Electric cars face severe limits in how far they can drive before running out of juice. Better batteries that can both store more energy and give it up quickly are essential for extending that range.
For now, the new batteries can power only small devices. But if the strategy can be made to work on a larger scale, a task more difficult than just using more battery material, it could give electric car makers the jolt they need.
Today's most popular rechargeables, lithium ion batteries, are made from negative and positive electrodes separated by an electrolyte through which positively charged lithium ions can flow back and forth. In most such cells, the negative electrode is made of graphite, a form of layered carbon, whereas the positive electrode is made from lithium cobalt oxide or a related material. During use, lithium ions stored in the graphite flow to the lithium-based electrode, where they form chemical bonds with oxygen atoms, a reaction that generates an electric current. When the battery is recharged, the lithium-oxygen bonds break and an electric voltage pushes the ions back into the graphite.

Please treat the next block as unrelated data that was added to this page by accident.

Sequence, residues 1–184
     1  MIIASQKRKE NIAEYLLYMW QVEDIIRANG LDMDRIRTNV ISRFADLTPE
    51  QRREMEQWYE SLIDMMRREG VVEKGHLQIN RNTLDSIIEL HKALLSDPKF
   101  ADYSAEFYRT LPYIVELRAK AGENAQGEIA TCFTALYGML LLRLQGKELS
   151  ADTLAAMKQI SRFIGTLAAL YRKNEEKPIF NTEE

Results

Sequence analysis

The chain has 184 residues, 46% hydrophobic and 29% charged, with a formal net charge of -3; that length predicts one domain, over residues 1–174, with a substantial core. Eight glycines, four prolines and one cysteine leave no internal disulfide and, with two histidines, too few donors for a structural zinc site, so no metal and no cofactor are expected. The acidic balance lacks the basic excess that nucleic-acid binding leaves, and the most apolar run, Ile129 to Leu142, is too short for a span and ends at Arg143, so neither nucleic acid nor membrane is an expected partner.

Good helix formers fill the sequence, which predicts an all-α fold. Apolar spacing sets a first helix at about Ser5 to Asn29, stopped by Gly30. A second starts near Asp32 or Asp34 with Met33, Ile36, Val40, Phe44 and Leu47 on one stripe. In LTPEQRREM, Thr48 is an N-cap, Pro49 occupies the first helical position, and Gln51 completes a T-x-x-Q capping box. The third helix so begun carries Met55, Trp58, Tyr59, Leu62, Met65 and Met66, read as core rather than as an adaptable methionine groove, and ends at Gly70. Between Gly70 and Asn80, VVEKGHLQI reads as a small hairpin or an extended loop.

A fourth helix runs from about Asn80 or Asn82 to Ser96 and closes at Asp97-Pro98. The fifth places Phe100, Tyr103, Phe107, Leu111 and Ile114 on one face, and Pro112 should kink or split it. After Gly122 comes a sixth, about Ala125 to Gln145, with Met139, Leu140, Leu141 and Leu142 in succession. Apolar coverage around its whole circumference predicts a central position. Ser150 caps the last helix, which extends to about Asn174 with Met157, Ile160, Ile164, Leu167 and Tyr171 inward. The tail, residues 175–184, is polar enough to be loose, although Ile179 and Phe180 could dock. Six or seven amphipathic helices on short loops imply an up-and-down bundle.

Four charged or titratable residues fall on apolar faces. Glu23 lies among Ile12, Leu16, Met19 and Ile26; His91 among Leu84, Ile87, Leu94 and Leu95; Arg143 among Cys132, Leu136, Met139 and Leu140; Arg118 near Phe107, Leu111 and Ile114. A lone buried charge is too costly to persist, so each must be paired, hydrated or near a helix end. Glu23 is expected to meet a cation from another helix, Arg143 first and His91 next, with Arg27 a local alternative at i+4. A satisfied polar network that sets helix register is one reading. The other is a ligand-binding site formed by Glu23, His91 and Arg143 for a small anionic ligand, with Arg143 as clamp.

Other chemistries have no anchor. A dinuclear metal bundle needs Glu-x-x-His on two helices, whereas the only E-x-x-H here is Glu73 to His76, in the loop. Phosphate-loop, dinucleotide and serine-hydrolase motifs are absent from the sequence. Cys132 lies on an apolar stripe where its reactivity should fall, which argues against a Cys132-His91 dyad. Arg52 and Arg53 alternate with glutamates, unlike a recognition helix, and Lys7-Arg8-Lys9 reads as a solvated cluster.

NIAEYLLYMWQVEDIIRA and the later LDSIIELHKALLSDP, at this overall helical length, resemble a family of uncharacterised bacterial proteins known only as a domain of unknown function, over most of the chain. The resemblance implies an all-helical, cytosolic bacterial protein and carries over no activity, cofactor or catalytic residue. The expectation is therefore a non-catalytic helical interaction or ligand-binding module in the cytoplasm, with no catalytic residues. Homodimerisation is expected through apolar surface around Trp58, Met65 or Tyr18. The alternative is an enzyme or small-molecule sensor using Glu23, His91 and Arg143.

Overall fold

Robert F. Service , Science Magazine